In the grubby, ball-toughened hands of my youngest child was a cool, lit, light bulb keychain; given to him at a birthday party. I have never given much thought, really, to life without electricity; until today.
We received the postcard from SoCal Edison regarding a scheduled power outage from last night at 11 PM through this morning at 3 AM. The alarm company was notified, both for home and the business, and I turned off the Kindle and reading lamp prior to 11:00. Luckily for my family, my sleep patterns match circadian rhythms; the light and dark cycles of the sun. I rarely wake to an alarm clock and have no problems falling asleep.
At 5:30 AM I awoke to cold and darkness. I lit the coconut scented candle on my nightstand and opened my drapes to view sunrise; inserting my disposable contacts in the dim candlelight. I opted not to shower in the dark, for how would I blow-dry my hair? Sauntering downstairs for water I grimaced when I could not retrieve a drop from my refrigerator. The coffeemaker was out of commission so I brought out a saucepan, added water and turned on my stove top. Lo and behold, an electric spark ignites my gas burners so there could be no flame!
Since the middle son was awake, with me, I grabbed my keys and he and I got into my car to head to the grocery store for dry goods (something I don’t have a lot of). There is not a lot of things in my house that do not require: cooking, toasting, or microwaving. So when I hit the garage door opener, and realized I was stuck, I groaned.
Dave parks his truck in our driveway so Doug and I switched vehicles and left at 6:30 AM to our local grocery store. But the lights were out in there, as well. But just across the way, Panera Bread Co. was open and when we returned home at 6:55 AM we had: three milks, a mocha, a latte, a toasted bagel, cinnamon rolls and quiches. If the grid on the other side of the street hadn’t provided electricity how would we ever survive a natural disaster like an earthquake? How would I have paid? I used my debit card. This was the day I did not have to be at work and all the things on my to-do list involved sitting at my computer? How would I get anything done?
Alas, after the help of the hubby to open our garage door, manually, I left a little early to drop the kids off at school. There was anarchy at the traffic lights; cars whizzing by, rudely, ignoring the people who followed the 4-way stop rule. And thankfully, after returning home, sans kids, the traffic light was working and at the press of a button, my garage door happily whirred to life. If I can’t even boil water without electricity, we’re in for a rude awakening if the big one (aka large magnitude earthquake) hits. Our camping gear would be our survival. It was five hours later than what SoCal Edison had stated on the automated message and postcard. Sadly, even my LAN phone needs electricity! And what good is a cell phone without the ability to charge it?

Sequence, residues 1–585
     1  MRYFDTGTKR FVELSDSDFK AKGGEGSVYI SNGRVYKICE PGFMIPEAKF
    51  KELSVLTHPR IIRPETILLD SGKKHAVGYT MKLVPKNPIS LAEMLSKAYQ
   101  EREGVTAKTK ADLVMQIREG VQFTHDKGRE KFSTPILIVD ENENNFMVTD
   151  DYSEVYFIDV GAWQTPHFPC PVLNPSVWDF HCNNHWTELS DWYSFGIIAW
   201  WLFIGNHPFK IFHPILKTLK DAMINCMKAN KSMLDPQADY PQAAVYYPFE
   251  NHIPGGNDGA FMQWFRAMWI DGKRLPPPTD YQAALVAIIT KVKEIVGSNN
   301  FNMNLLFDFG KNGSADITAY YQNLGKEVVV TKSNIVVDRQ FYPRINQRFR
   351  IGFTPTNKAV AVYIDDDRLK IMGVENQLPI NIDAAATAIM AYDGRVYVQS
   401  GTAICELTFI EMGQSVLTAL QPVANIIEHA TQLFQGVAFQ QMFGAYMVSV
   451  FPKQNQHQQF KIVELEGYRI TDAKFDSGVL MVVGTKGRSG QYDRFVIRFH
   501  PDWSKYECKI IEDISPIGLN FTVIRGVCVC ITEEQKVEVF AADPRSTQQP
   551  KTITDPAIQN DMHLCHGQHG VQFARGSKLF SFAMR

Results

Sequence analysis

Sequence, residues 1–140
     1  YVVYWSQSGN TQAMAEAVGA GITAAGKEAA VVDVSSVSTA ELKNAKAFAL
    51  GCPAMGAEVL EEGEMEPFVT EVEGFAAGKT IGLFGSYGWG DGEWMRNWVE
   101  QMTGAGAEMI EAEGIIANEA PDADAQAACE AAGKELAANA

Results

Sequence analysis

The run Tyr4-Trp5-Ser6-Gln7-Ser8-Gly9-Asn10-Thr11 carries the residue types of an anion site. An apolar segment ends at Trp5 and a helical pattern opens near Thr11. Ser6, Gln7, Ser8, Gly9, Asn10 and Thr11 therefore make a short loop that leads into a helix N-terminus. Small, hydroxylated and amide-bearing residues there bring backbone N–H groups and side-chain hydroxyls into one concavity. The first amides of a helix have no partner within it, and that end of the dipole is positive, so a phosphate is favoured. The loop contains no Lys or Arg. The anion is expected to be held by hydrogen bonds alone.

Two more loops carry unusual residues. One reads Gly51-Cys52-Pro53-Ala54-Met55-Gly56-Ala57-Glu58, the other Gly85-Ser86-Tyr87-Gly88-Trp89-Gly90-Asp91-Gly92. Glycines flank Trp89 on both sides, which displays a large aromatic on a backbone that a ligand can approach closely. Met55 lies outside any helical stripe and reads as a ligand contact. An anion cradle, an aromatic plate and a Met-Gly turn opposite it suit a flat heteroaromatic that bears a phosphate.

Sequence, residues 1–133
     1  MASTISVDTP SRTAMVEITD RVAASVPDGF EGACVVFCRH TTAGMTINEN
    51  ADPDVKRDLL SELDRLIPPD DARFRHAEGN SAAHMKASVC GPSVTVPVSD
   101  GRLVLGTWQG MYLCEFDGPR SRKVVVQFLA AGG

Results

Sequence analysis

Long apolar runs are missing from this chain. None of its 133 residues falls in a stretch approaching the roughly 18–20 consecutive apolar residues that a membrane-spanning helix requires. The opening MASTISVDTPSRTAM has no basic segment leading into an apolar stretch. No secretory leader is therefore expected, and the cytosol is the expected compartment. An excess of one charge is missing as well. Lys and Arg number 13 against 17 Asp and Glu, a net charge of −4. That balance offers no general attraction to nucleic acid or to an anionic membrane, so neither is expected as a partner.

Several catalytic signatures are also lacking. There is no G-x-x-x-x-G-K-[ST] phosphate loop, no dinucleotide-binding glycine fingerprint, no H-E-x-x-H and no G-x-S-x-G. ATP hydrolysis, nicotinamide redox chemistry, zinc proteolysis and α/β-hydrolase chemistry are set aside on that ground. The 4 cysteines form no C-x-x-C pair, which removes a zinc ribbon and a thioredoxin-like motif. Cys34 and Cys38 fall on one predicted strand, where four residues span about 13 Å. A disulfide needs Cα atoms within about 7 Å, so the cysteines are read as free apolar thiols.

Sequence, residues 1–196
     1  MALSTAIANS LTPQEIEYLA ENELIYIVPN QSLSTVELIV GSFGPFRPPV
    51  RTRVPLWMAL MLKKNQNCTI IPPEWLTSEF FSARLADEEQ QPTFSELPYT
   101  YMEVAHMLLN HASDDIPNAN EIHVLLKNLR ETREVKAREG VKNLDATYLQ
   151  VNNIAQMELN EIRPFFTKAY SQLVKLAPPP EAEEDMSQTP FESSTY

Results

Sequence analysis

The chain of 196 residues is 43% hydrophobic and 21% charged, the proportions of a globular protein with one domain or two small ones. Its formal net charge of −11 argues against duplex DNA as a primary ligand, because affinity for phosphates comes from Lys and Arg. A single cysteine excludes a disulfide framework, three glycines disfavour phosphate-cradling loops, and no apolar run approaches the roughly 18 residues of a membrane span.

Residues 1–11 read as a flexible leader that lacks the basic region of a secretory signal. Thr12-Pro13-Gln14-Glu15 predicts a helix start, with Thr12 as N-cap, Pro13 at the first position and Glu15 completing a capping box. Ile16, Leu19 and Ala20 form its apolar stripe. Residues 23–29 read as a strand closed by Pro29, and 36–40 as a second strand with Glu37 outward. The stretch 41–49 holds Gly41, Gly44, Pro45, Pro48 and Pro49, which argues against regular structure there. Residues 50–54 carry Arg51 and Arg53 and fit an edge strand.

After the electricity fiasco I sat down to the mess on my desk. With my Panera Bread latte in my trusty stainless steel cup. I quickly got to work paying bills, organizing files and creating emails. I barely touched my to-do list; the mess around my desk took the better part of three hours. It never ends.
What will end, though, is the month of February. This time of year is always a flurry of activity and the multitude of back-to-back birthdays officially ends today. Last night we had a scrumptious, ginormous cake to celebrate the last of the birthdays with family. Yum!
Speaking of food, I am on a quest to try various ethnic foods from around the world. A Nigerian parent, offered us a taste of her homemade food. She was insistent I try it. It consisted of a marinated goat (yes, goat) in a tomato based, onga sauce , black-eyed peas and rice. As a child I have had goat but am not fond of the meat so I had my inhibitions. It is very rare that I balk at the opportunity to try something new but I did not want to offend. To my great surprise, the goat was really good and the kids (yes, the kids) insisted I get the recipe for the tomato-based onga sauce. Dave loved the bean loaf (I have never had beans with a loaf consistency). I’ve since realized I have a food texture issue (the chicken feet and this loaf) but other than that, the tastes were phenomenal.
But my electicity issues did not end at home. Apparently, both the elementary school and junior high had no power, as well. I suppose my car does rely on electrical circuits but it, primarily runs on fuel. So as I sat between two schools, without power, I browsed the world through my cell phone, listening to my car stereo. I snapped the pic of the elder son approaching. Thankfully our bodies don’t require electricity; just some clothes, food and water to grow. Each day I glance in the mirror as my son emerges from school. He’s getting taller. I don’t ever want to look back and wonder, where did that time go? so I snapped this pic as he approached the passenger side; this precocious tweener-child.
There are many things to do in a day of my life and the loss of power made me realize basic needs. I can do without the fru-fru gadgetry of life any day; as long as I have three happy and growing boys. Oh. And one man.